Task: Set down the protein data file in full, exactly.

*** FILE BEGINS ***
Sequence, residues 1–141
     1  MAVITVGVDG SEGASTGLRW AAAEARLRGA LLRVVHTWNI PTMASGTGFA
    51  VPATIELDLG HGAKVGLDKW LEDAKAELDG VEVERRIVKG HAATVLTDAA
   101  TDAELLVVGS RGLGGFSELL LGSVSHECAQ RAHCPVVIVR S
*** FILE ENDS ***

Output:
Sequence, residues 1–141
     1  MAVITVGVDG SEGASTGLRW AAAEARLRGA LLRVVHTWNI PTMASGTGFA
    51  VPATIELDLG HGAKVGLDKW LEDAKAELDG VEVERRIVKG HAATVLTDAA
   101  TDAELLVVGS RGLGGFSELL LGSVSHECAQ RAHCPVVIVR S